Journalists, so those opposed to properly independent press self-regulation like to tell, are the only people qualified to pontificate about journalists. Conversely, journalists are by definition qualified to pontificate about any other occupation, and this they do, as witness the crash earlier today of a Germanwings flight in the foothills of the French alps. None of the 144 passengers and six crew on board is believed to have survived.
The aircraft involved, Airbus A320 D-AIPX
As there are unlikely to be any aboard who lived to tell the tale, and the cause of the crash is not certain, there is an information vacuum. And the rolling 24-hour news Speculatron (tm) abhors a news vacuum: something, anything, must be created in order to fill the void. In the case of Mail Online, this has meant desperately searching through past accident and incident reports and drawing pointlessly wrong conclusions.
First, a few facts: the aircraft operating the flight from Barcelona to Düsseldorf was an Airbus A320, registered D-AIPX. It had been manufactured in late 1990 and entered service with Lufthansa early the following year. Recently it had joined the Germanwings fleet (this carrier is effectively Lufthansa’s low cost subsidiary). Its age suggests the aircraft was nearing the end of its service life.
Data from the flight ((c) Flightradar24)
The flight took off from Barcelona just after 0900 hours. At 0932 hours it was in the cruise at an altitude of 38,000 feet when it initiated a descent which lasted around nine minutes and had an average rate of 3,500 feet per minute. The aircraft maintained a straight course during this period. No distress call or other communication was made by the aircraft. The plane flew into terrain soon afterwards.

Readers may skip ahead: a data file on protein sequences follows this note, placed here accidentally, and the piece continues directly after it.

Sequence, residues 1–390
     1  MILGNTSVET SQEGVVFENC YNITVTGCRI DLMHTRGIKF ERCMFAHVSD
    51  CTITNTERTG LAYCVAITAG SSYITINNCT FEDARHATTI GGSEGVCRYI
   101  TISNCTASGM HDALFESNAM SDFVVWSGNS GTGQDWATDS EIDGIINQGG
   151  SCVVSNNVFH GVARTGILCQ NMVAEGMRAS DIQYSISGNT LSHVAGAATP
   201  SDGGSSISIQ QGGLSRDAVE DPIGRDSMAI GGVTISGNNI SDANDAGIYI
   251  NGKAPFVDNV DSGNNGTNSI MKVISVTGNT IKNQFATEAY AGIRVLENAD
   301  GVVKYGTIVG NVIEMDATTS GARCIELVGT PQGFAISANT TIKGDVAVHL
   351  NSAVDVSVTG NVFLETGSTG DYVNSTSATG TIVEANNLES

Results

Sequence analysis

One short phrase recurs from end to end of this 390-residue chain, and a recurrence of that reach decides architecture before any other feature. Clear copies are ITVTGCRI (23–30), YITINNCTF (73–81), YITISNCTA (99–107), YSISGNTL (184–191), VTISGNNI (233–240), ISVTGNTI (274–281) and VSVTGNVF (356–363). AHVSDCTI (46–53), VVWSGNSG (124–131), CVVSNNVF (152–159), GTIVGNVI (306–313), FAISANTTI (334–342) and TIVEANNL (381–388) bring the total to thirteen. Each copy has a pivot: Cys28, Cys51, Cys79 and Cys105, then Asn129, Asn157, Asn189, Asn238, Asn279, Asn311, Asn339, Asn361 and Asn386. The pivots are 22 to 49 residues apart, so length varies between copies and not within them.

That is what we know. But it is not enough for Mail Online, and nor is the mildly inconvenient fact that the Cockpit Voice Recorder (CVR) and Flight Data Recorder (FDR) are likely to be recovered - and then interrogated - relatively swiftly. No sirree. Out comes the speculation: “Revealed: Germanwings flight 4U9525 received safety warning just four months ago after sister plane went into tailspin”. There was no tailspin.
It gets worse: It wasn’t the same flight. It wasn’t, technically, the same carrier: “the Lufthansa jet, with 109 passengers and crew aboard, was at 31,000 feet when it started to descend without any input from the pilot, at a rate of 4,000 feet per minute, before the flight crew managed to regain control at 28,000 feet”. The cause? “the Lufthansa aircraft's Angle of Attack probes got blocked while flying between Bilbao and Munich”.
And that has been ruled out in the case of today’s crash. Initiating a descent at that rate is characteristic of a sudden loss of cabin pressure - but there was no levelling out at around 10,000 feet, as might be expected. And the lack of communication is hard to explain. There is little else to go on, so until the CVR and FDR and recovered and their contents analysed, even the 24 hour rolling news Speculatron can add no value.
No purpose will be served by doing so. So don’t, hacks, for once in your lives.
"just four months ago after sister plane went into tailspin”. An uncontrollable tailspin, which was, er, controlled.
Re "not technically the same carrier" - absolutely! Germanwings and Lufthansa have separate AOCs and are independently managed within the Lufthansa group. I can't imagine the Daily Fail referring to an Iberia plane as BA's sister aircraft, although maybe that's a lack of imagination on my part.
As soon as I heard this I suspected it was deliberate and this now looks the likely cause.
Despite what the Mail say it is very rare for planes to descend at a set rate, if before the incident they were on autopilot at 38,000 ft.
Pilots will intervene if there is a problem, that's what they are trained to do, especially if they are 7 miles above the ground, with plenty of time to assess the situation and find a solution.
The intervention attempts will be recorded by ATC and show on radar.
Straight flightpath at a steady descent rate and no comments from the cockpit did not suggest a mechanical problem.
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